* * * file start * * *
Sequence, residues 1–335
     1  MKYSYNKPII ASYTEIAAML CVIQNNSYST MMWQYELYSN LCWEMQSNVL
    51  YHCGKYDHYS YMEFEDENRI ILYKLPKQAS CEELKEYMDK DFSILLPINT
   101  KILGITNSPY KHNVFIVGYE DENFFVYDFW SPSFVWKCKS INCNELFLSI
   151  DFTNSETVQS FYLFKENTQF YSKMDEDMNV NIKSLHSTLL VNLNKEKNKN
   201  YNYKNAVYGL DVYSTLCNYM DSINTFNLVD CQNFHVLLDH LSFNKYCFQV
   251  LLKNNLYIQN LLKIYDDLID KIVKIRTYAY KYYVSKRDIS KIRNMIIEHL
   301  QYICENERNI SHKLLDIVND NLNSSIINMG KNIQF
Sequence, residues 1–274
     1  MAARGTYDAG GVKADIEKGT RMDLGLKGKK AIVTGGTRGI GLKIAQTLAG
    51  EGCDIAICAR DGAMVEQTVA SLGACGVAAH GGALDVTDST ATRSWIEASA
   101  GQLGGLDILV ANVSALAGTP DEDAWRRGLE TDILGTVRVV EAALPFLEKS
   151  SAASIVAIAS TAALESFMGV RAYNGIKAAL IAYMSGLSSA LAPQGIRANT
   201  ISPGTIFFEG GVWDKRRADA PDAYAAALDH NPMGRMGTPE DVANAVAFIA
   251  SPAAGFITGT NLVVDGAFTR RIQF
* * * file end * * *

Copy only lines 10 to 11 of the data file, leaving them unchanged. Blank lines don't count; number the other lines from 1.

     1  MAARGTYDAG GVKADIEKGT RMDLGLKGKK AIVTGGTRGI GLKIAQTLAG
    51  EGCDIAICAR DGAMVEQTVA SLGACGVAAH GGALDVTDST ATRSWIEASA